Alfred Hitchcock harasses Tippi Hedren in HBO’s The Girl.

Toby Jones and Sienna Miller in The Girl.

Toby Jones and Sienna Miller in The Girl.

Photo by Kelly Walsh/HBO.

The woman at the cold heart of The Girl (HBO, Saturday at 9 p.m. ET) is the actress Tippi Hedren, the ice-sculpture blonde of The Birds and Marnie. When deciding how great Hedren’s talent is, you should of course consider those two Alfred Hitchcock films. You might also weigh her performance in this 1963 interview, conducted in support of the former film, seemingly in a public park. Question: “Is Mr. Hitchcock a difficult man to work with?”

The pause Hedren takes before delivering her answer is so very brief that it is likely imperceptible to viewers innocent of the more difficult truths about Mr. Hitchcock. But it is there. “Is Mr. Hitchcock a difficult man to work with?” Nanopause. “Not at all …” Hedren then proceeds to bang out boilerplate as convincingly as any good starlet at a dumb junket—until a casual flock of pigeons ambiguously undulates behind her. Deeply startled, she must fight back a grimacing giggle before hacking out a conclusion: “He’s wonderful to work with.” And then—and this is evidence that Hedren is not an actor of the first rate—you see her throat cluck: She visibly swallows the lie.

This HBO original—clean and smart and dull, adapted by director Julian Jarrold and screenwriter Gwyneth Hughes from a book by film historian Donald Spoto—is about how very unwonderful a working relationship Hedren and Hitchcock had. Toby Jones plays the slavemaster of suspense; he captures with marvelous precision the glutinous rotundity of Hitchcock’s vowels, but his jowls leave something to be desired. Sienna Miller portrays the actress, the nominal heroine, as a very pleasant, rather bland person further hollowed out by her industry, and I cannot tell whether the portrait reflects Miller’s interpretation of her character or her limitations as a performer.

Perhaps it’s a weakness of the part? The Girl’s dramatic motion is not that of a doll who gains the strength to the leave the house but of a well-adjusted individual exhausted by the escalating indiscretions of a total creep. At the beginning, Hitch, at home with his wife (played by Imelda Staunton) spots an alluring model in a TV commercial and immediately knows that she must star in his “most ambitious movie ever”—a tale of nature versus man at Bodega Bay.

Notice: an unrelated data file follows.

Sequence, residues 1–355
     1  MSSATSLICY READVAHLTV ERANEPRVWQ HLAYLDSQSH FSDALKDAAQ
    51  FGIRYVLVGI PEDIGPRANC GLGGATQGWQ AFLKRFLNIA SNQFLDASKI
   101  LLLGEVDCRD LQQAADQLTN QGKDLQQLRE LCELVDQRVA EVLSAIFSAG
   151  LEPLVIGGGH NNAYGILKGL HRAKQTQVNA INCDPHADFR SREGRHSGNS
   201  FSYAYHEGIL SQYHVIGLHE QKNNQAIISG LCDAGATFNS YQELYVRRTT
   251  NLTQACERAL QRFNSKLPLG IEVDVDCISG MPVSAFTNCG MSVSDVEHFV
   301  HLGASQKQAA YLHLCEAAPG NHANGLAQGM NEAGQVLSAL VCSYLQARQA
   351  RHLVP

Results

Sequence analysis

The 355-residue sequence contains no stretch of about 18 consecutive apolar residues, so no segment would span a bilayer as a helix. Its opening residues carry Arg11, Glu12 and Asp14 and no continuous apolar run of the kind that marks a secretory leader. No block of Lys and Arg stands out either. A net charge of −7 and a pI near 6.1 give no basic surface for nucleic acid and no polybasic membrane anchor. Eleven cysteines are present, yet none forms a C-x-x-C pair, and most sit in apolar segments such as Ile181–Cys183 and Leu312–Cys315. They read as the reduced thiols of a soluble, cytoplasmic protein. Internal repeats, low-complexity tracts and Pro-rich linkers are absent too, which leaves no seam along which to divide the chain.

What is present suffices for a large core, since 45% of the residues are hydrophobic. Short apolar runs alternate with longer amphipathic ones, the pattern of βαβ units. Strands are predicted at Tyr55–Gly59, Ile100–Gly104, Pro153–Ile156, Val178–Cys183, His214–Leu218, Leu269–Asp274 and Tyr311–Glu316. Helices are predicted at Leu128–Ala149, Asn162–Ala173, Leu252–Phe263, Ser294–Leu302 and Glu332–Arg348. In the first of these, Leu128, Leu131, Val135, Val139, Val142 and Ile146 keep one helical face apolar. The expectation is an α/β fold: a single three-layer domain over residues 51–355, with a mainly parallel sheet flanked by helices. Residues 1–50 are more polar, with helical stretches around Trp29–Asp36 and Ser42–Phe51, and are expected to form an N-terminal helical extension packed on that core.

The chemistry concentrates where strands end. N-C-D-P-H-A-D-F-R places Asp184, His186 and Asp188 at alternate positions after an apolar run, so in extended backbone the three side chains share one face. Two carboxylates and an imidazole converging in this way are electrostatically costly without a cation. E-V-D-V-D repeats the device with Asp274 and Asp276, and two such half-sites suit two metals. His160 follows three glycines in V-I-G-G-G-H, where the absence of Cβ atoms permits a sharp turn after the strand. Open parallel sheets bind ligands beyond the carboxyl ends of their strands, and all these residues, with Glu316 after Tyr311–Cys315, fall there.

Patron and muse go to lunch and get to work. He seeks to control her. It is easy to forgive him some excesses—40-odd takes of a scene, more than a few pecks on Hedren’s face from an avian extra. If you can’t treat humans like puppets, then what is the point of making movies? But other, more obviously slimy offenses escalate: gentle flirting, moderate leering, filthy limericking, forceful groping, open insistence on erotic submission: “From now on, I want you to make yourself sexually available to me at all times.”

Men who make movies have been saying such things to the women who appear in them since Thomas Edison patented the Kinetograph, and not a few of the all-time great directors are among them; ask the ghost of any given hat-check girl in a Howard Hawks picture. But Hitchcock is Hitchcock, and I do believe I once attended an academic lecture on “Freud, Hitchcock, and the Micturating Penis.” Hitchcock and sexual obsession go together like Kim Novak and sidewalk pavement.

It would suffice for a movie about Howard Hawks or Orson Welles or Ed Wood to tell a good story. It is unclear that The Girl is a good story; an otherwise literate viewer who’d never seen The Birds would be left in the dark by its decontextualized chatter about Hedren’s character’s motivations. But a movie about Alfred Hitchcock becoming fixated with an actress and changing her hair and clutching a cigar that is not just a cigar must necessarily engage with film in a history-of-cinema kind of way.

On some level, the woman of The Girl—the referent of the cool title—is manifestly a force of nature and fact of art, as in Godard’s maxim about the only two things you need to make a movie—“a girl and a gun.” This story does not brandish firearms, but in the first act, it lavishes attention on the weapon of the camera—many glimpses of male-gaze ray-guns. The Girl treats Hitchcock as a sadist who behaves as if the purpose of his medium is to steal souls. “It’s like he wants to get inside me,” Hedren says late in the film. She’s talking about her eyes.